The Norman Transcript

November 18, 2013

School superintendents deliver state of the schools to chamber members

Siano, Bowen appear before about 60 chamber members and guests

Katherine Parker
The Norman Transcript

NORMAN —  Norman Public Schools and the Moore-Norman Technology Center were put under the spotlight at the Norman Chamber of Commerce “State of Schools” event Monday morning.

 NPS Superintendent Dr. Joe Siano and Moore Norman Technology Center Superintendent Jane Bowen took the opportunity to brag about their respective schools and update community members as to where the challenges the schools face. 

Siano, who was named superintendent in 2000 after working in Oklahoma City and Putnam City districts, began his discussion of Norman Public Schools by briefly mentioning the various NPS programs available to students, such as pre-school programs and full-day kindergarten offered at every elementary, district-wide health services provided in conjunction with Norman Regional Health System, pre-AP classes in middle school and the new French immersion program.

 Several NPS achievements were also mentioned such as the average ACT scores of NPS outpacing both state and national averages. Additionally, Siano said the NPS system had successfully completed 2009 bond issue projects on time.

With the Oklahoma State Department of Education’s A-F grades still fresh on the community’s mind, Norman Public School District’s B minus as well as the D letter grades four Norman Public Schools were given was addressed. Siano said that he believed the state grading system to be faulty and an inaccurate measure of the equity existing between all NPS schools.      

“Teachers are doing what we hired them to do,” Siano said. “Raises in math and reading scores (at schools with D ratings) indicate to us that our process is working in our more challenging schools.” 

Additionally, Siano said he didn’t think any accountability system could really measure the complexity of schools, but that his biggest problem with the A-F grading system was its misleading effects.

“I have a problem with how the state advertised the A-F grading system. My contingent is that A-F is misleading in effectiveness. It’s been advertised as an easy assessment for parents, but it really leads parents to the wrong conclusions,” he said.

Lastly, Siano went over NPS finances and the fact that less state funding has made an impact. Since fiscal year 2008, Oklahoma has had the third largest drop in spending per student in the country; a reduction of 20.3 percent, according to the Center on Budget and Policy Priorities 2012 report. 

“These cuts make a significant difference especially when you’re trying to raise standards,” Siano said. 

He also emphasized the importance of the proposed 2014 bond of $126 million.  Board members envision a freshman academy at both high schools as well continued investments in technology and additional classrooms to deal with overcrowding.  Siano said because of less state funding, passing the bond was essential. 

“I think we’ve met challenges over the past 10 years and will continue to do so,” he said.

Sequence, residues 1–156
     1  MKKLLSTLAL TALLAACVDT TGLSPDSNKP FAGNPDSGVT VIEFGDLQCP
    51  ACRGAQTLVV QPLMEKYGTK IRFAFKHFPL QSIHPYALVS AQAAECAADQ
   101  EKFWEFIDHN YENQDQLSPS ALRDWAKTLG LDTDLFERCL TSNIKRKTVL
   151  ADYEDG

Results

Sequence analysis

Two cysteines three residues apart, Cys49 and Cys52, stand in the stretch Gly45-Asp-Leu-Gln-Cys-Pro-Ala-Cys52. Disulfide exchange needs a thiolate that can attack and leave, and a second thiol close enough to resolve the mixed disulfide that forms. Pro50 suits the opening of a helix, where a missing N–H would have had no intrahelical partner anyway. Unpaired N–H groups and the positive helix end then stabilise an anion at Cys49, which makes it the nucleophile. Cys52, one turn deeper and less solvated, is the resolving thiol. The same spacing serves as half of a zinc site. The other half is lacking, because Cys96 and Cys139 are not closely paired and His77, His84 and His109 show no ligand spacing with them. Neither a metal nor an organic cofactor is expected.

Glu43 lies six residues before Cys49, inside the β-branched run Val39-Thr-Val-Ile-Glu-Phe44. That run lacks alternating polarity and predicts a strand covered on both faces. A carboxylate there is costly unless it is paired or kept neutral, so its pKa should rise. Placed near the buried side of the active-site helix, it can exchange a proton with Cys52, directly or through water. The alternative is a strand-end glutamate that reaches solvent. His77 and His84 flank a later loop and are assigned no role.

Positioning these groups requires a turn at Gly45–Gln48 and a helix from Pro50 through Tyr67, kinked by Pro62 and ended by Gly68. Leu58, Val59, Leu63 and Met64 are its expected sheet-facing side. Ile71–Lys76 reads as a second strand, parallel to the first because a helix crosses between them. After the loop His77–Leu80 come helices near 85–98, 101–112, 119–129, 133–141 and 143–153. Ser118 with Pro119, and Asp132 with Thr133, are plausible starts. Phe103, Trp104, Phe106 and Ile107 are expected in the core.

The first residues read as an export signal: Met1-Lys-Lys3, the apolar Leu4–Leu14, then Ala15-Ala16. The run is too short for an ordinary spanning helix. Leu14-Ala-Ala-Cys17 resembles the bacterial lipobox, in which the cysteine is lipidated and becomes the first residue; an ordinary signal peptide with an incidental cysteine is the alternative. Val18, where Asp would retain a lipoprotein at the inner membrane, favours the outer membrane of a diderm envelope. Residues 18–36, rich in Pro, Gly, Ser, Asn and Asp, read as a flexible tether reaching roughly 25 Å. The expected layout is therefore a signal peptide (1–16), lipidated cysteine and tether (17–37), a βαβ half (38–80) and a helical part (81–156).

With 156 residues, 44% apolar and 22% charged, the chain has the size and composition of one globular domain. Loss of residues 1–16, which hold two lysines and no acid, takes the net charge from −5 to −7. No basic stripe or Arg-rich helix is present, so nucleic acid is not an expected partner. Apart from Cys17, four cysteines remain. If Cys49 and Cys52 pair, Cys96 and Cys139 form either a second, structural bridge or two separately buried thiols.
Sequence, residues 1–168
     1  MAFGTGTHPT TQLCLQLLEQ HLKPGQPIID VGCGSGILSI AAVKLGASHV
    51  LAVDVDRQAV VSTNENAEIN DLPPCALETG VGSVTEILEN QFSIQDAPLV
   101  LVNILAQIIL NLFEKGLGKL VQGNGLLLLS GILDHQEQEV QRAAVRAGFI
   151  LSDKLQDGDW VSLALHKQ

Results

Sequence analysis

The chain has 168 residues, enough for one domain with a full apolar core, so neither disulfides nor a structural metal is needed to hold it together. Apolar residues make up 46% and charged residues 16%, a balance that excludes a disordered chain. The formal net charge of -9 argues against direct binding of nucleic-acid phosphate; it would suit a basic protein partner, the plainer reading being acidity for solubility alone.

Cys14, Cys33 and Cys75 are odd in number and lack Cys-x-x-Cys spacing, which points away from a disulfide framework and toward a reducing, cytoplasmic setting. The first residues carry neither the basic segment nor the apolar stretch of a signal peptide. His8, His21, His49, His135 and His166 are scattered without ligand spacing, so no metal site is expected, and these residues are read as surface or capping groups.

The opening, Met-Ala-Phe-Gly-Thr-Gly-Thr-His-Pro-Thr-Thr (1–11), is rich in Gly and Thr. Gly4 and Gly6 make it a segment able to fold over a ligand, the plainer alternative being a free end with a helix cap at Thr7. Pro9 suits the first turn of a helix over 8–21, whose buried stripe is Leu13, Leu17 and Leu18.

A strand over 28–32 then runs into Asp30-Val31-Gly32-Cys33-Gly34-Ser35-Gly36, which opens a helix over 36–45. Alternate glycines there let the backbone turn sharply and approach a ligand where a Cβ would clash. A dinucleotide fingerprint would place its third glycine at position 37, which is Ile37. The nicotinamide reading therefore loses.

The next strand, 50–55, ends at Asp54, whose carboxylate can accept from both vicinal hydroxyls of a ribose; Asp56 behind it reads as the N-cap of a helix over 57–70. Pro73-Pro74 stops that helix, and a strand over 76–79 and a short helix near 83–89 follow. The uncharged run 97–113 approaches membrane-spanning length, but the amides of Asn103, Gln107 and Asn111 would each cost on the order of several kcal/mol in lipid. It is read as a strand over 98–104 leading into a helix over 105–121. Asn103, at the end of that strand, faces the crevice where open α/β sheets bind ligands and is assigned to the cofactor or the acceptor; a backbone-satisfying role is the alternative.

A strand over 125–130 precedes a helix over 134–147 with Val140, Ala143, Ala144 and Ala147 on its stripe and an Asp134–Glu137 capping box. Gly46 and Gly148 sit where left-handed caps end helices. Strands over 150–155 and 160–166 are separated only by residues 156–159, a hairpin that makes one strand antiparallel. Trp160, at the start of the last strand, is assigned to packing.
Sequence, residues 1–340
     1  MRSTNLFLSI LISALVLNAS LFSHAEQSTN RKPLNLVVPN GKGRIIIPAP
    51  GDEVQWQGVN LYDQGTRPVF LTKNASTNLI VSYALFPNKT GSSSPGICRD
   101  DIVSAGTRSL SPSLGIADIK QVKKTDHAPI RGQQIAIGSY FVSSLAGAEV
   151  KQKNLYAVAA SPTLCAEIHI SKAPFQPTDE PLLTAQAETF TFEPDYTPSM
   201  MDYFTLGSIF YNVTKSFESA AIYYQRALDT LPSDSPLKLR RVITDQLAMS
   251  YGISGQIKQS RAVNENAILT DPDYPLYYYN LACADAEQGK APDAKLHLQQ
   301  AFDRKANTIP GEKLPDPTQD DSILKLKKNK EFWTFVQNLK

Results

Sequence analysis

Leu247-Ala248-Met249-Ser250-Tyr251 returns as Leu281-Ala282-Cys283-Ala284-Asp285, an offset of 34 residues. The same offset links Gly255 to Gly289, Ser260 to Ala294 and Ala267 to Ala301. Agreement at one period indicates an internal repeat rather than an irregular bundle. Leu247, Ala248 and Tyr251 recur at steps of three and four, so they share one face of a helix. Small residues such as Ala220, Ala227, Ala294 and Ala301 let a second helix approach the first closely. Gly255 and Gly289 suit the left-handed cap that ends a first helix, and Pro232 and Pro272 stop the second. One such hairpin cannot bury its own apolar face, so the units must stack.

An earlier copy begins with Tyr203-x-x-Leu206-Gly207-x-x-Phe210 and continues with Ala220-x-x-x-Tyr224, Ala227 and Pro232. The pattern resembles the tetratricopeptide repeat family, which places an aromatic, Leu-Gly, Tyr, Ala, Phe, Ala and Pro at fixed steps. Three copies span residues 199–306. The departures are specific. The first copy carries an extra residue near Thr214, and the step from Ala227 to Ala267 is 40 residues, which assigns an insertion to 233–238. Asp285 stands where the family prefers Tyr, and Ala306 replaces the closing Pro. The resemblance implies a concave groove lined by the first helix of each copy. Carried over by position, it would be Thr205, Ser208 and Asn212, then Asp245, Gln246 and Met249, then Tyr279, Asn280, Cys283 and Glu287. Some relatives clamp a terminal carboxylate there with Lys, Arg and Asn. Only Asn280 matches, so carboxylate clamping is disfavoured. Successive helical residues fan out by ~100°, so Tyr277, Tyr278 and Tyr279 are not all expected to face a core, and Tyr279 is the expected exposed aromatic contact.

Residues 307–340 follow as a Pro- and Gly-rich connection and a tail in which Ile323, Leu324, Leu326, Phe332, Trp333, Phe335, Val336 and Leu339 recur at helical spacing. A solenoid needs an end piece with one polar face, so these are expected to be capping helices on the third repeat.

Bowen began as MNTC superintendent in 2012. Previously, she was the superintendent of Northwest Technology Center in Alva. Bowen has 36 years of experience in the education field and began her career as a counselor. 

Bowen explained to event attendees that currently there is a big skills gap throughout the U.S. and the world.

“Thirty percent of 9th graders will drop out before completing high school and 10 percent of 9th graders will lack the skills needed for employment,” Bowen said. “Forty percent will come out of school with no skills for a job, but look at where the jobs are. Sixty-five percent of jobs require an associate’s degree or advanced training.”

However, Bowen said a career tech renaissance was occurring because it is relevant, hands-on and requires working in groups much like the real workforce.

“These forgotten 40 percent need to know that the pathway to heaven is to be both career ready and college ready,” Bowen said.

MNTC provides high school students and adults with affordable technical training in the areas of business and information technology careers, health careers and technical careers in 48 programs of study. Bowen said that over 500 businesses in the MNTC district were served by MNTC last year.

Moore Norman Technology Center was a 2012-2013 Gold Star School recipient and had 31 first place state organization winners in Business Professionals of America, HOSA and Skills USA last year. MNTC was also awarded the 2013 Small Business Association Incubator of the Year award.

Bowen said that MNTC had passed its additional one mill building levy funds and that such a measure spoke of how dedicated the community is to MNTC. The tech center’s current five-year strategic plan will focus on economic development, building relationships and innovative technology.

In her final remarks, Bowen read an Albert Einstein quote about a fish who thought he was stupid because he was judged by the fact that he couldn’t climb a tree and asked attendees to help MNTC by advocating for the school and its students.

“Please help me and let people know that career tech is worth something to everyone,” she said. “Let’s not have those 40 percent think they’re stupid. They have things they can give back to our society.”

Katherine Parker